Countries around the world are banning single-use plastic products, including those made from bioplastics like PLA, to protect the environment. The EU initiated this transition by banning single-use plastic products in July 2021, covering both traditional plastic and bioplastic items. Following suit, Australia banned these products in early 2022. In the USA, single-use plastic straws made from petroleum or biologically based polymers were banned. New Zealand also announced a phased ban between 2022 and 2025. These global efforts aim to create a sustainable future by curbing the use of single-use plastic, including bioplastic alternatives such as PLA.
How India should respond
India, in response to global efforts, should proactively work towards reducing its reliance on PLA-based single-use plastics, particularly PLA straws. These straws are often littered, contributing significantly to plastic pollution. Implementing stringent regulations and policies can be instrumental in curbing its usage. The government could introduce comprehensive bans on PLA, following the examples set by the EU, Australia, and New Zealand.
The misleading promotion of PLA straws as eco-friendly alternatives to plastic straws presents a grave environmental threat in India. Comparing this situation to the ban on plastic straws due to their contribution to littering and harmful effect on environment, it becomes evident that PLA straws do not live up to their green claims. Challenges such as inadequate disposal infrastructure, segregation difficulties, contamination problems, greenhouse gas emissions, soil acidification, and slow decomposition rates in both marine and landfills underline the unsustainable nature of PLA straws. To preserve the credibility of eco-friendly efforts and protect the environment, it is crucial for both businesses and Indian policymakers to demonstrate a genuine commitment to sustainability. Following global examples, especially those set by the EU, India should enforce strict regulations to ban PLA straws. Additionally, governments should encourage and incentivise the adoption of genuinely sustainable alternatives such as paper straws.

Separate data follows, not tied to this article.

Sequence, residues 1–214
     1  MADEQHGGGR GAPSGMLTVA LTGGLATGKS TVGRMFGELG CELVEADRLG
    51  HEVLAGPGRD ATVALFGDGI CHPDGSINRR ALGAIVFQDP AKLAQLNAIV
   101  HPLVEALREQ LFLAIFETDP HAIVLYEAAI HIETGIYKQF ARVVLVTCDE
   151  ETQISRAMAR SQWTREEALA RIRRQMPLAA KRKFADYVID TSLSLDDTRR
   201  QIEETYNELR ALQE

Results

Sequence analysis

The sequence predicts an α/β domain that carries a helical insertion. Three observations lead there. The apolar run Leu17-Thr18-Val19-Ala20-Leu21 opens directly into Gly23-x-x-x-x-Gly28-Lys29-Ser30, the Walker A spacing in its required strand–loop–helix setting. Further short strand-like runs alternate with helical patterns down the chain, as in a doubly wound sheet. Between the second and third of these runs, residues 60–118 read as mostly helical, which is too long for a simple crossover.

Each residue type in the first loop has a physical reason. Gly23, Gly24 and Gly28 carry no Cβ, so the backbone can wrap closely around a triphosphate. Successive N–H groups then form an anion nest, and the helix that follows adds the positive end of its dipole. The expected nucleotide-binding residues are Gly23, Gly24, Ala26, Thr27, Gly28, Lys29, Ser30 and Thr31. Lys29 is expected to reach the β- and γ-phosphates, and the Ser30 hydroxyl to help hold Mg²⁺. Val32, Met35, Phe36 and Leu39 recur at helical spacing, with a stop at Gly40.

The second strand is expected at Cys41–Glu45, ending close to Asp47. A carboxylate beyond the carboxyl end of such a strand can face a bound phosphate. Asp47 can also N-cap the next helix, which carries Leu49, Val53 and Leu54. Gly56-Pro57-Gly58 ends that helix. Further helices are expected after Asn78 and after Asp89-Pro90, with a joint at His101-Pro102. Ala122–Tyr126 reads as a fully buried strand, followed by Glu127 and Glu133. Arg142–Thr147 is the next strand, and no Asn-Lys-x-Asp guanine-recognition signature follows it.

About The Author
Akshay Patade is a research assistant and freelancer who is actively working on projects related to sustainability.